class B : public A { ... }

This means that class B inherits all public members (variables, methods) of class A. Furthermore, those public members of A are public in B. (Note, I'm ignoring "protected" members and their inheritance rules.)

Another variant:

class A { ... }
class B : private A { ... }

This means that class B inherits all public members (variables, methods) of class A. Furthermore, those public members of A are private in B.

Multiple inheritance: Not possible. Use interfaces (see below) as a work-around. Multiple inheritance:
class A { ... }
class B { ... }
class C : public class A, public class B
{ ... }
This means that class C inherits all public members of classes A and B. If both A and B include some of the same members (e.g., same function names), then code in class C must be explicit about whether it is referring to members inherited from A or B.
Override inherited methods:
public class A {
  public void foo() { ... }
}

public class B extends A {
  // override inherited foo()
  public void foo() { ... }
}
Override inherited methods:
class A {
  public:
  virtual void foo();
}

class B : public A {
  public:
  // override inherited foo()
  virtual void foo();
}
In other words, only virtual functions can be overridden in the way you would expect from Java. The virtual keyword activates polymorphism. So, if we have a B object but cast it to an A object, and then call its foo() method, it would use B's foo() method. If foo() was not virtual in the base class, then after casting our B object to an A, A's foo() function would be used and B's foo() function would be inaccessible.
Interfaces:
interface Foo {
  void methodA();
  int methodB(int bar);
}

class Quux implements Foo {
  void methodA() { ... }
  int methodB(int bar) { ... }
}
Interfaces in C++ are accomplished with "pure" virtual functions, e.g., class functions that have no code, but must be defined in descendent classes.
class Foo {
  virtual void methodA() = 0;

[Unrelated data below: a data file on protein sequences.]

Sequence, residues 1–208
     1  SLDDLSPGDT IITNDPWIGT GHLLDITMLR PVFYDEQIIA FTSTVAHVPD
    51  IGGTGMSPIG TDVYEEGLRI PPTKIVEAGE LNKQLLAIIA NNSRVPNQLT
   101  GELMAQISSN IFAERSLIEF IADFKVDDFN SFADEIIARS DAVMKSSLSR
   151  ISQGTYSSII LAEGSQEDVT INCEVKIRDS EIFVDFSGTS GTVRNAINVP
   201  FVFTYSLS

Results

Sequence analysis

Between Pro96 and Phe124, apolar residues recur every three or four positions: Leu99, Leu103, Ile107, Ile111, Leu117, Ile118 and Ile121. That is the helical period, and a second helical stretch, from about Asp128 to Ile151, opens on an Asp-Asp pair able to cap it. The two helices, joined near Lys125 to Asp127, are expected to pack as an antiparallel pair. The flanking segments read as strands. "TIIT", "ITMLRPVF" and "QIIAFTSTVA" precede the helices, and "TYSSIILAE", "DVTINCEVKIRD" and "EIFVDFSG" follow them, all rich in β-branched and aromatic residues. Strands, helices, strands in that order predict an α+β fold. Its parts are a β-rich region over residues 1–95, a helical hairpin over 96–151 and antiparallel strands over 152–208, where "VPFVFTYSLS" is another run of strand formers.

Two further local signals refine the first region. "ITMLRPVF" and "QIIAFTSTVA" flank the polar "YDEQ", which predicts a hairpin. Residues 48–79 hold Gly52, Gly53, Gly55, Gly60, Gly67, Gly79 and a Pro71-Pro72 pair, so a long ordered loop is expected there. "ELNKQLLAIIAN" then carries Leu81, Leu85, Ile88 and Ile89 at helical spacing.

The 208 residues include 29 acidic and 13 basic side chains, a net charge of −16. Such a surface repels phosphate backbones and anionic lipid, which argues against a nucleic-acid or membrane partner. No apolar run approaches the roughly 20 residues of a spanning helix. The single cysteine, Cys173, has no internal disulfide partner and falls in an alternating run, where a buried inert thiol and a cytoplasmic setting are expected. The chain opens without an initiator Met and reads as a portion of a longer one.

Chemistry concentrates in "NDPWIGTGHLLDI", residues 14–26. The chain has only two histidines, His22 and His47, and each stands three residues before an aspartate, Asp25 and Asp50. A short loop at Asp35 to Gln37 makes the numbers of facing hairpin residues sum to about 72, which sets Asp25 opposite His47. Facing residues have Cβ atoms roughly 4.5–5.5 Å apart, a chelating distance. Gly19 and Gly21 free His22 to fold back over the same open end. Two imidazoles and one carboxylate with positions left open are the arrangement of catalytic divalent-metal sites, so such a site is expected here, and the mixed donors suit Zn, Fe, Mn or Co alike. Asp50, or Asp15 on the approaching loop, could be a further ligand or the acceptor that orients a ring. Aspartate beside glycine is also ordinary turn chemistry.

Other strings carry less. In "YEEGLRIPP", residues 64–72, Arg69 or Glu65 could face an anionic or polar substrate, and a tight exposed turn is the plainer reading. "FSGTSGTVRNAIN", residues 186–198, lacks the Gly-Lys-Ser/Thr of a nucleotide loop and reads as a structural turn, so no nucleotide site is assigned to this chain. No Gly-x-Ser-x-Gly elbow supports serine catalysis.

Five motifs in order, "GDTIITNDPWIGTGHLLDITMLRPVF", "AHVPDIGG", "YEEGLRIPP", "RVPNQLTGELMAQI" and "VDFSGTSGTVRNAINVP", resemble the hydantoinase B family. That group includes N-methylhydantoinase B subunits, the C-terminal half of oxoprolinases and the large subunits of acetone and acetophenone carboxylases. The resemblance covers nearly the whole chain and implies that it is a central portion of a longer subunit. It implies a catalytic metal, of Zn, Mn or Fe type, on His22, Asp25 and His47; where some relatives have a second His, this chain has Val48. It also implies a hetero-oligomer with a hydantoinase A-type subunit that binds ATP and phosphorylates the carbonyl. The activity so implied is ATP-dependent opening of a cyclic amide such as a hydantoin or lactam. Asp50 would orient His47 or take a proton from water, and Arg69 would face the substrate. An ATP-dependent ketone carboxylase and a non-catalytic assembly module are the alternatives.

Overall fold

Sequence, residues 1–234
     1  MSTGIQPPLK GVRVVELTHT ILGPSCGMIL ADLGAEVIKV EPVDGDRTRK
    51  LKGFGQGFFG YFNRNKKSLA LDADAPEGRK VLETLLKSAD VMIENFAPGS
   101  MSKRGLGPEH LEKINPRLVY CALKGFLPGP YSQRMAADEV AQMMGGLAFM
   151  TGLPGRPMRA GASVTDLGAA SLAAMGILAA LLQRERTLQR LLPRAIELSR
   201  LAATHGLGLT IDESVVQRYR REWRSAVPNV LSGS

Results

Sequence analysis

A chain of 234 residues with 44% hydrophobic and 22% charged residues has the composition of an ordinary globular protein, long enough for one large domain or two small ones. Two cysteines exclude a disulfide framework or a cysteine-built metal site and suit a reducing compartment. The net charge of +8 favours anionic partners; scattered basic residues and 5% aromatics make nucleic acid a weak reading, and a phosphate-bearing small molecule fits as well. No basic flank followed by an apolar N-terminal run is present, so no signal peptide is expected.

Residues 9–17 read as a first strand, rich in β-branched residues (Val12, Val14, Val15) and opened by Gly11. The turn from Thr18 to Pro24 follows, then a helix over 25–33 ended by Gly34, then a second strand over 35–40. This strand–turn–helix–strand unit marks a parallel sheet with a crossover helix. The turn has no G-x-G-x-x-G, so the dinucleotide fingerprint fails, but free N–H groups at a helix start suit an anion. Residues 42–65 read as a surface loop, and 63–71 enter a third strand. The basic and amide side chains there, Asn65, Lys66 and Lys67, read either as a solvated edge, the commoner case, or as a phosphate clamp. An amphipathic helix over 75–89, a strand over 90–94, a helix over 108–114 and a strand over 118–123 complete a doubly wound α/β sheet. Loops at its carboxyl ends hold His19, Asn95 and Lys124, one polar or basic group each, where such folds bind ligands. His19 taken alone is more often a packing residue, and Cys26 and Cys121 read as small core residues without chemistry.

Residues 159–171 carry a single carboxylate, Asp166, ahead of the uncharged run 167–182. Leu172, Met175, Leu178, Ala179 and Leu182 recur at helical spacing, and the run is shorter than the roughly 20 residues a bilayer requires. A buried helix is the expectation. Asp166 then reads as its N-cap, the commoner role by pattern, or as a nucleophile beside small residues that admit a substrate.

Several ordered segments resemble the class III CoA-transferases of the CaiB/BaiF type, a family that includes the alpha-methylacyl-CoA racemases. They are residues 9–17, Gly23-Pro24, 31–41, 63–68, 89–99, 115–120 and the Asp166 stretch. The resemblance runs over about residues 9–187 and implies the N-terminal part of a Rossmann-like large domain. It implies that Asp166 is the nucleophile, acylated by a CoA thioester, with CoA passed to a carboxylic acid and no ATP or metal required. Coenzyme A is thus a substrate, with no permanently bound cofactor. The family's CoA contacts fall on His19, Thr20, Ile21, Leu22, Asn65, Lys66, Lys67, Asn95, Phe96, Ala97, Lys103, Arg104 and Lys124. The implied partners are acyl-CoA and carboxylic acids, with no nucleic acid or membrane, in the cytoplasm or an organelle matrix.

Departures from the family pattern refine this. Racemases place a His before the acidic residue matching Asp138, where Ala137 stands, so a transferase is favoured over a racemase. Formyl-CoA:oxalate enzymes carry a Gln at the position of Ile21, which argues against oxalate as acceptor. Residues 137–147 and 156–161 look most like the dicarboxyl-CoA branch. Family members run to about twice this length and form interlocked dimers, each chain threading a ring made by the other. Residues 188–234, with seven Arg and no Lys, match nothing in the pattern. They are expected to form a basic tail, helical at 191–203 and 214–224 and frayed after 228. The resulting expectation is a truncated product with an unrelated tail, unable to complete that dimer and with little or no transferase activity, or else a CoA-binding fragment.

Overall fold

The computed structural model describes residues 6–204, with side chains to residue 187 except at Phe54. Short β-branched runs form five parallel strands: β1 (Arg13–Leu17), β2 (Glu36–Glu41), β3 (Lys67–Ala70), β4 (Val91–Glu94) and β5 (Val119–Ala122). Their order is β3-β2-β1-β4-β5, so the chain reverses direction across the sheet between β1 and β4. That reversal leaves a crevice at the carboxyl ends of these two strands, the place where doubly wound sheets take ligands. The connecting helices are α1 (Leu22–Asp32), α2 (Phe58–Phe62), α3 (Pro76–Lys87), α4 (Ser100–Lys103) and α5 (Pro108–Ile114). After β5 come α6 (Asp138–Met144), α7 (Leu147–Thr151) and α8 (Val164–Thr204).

virtual int methodB(int bar) = 0;
}

class Quux : public Foo {
  virtual void methodA() { ... }
  virtual int methodB(int bar) { ... }
}

Arrays

Java C++
Create and initialize arrays:
int[] xs = new int[10];
int[][] matrix = new int[5][7];
int[] ys = {1, 2, 3, 4};

// ragged array
int[][] matrix2 = { {1, 2}, {3, 4, 5} };
Create and initialize arrays:
int xs[10];
int matrix[5][7];
int ys[] = {1, 2, 3, 4};

// ragged array is not possible
// without multiple lines of code
// (often involving a loop)

// instead, try this rectangular
// 2d array
int matrix2 = { {1, 2, 3}, {4, 5, 6} };

Collections

Java C++
Lists:
Integer myint = new Integer(5);
List<Integer> mylist = new ArrayList<Integer>();

mylist.add(myint);
boolean yeah = mylist.contains(myint);

// get from index 0
Integer myint2 = mylist.get(0);

int count = mylist.size();
mylist.clear();
Vectors are used more commonly:
// this needs #include <vector>
// and #include <algorithm>
// (the latter for the find() function)

vector<int> mylist;
mylist.push_back(5);
vector<int>::iterator myIt;
myIt = find(mylist.begin(), mylist.end(), 5);
if(myIt != mylist.end()) {
  cout << "found the number 5." << endl;
}

int x = mylist[0];
mylist.clear();
Maps (key-value pairs):
Map<String, Integer> mymap =
  new HashMap<String, Integer>();
mymap.put("foo", 5);
Integer c = mymap.get("foo");
mymap.remove("foo");
Maps (key-value pairs):
// this needs #include <map>

map<string, int> mymap;
mymap["foo"] = 5;
int c = mymap["foo"];
mymap.erase("foo");

Generics / Templates

Java C++
public class Foo<T> {
  T value;
  T func(T arg) { ... }
}
template<typename T>
class Foo {
  public:
  T value;
  T func(T arg);
}
CSCI 221 material by Joshua Eckroth is licensed under a Creative Commons Attribution-ShareAlike 3.0 Unported License. Source code for this website available at GitHub.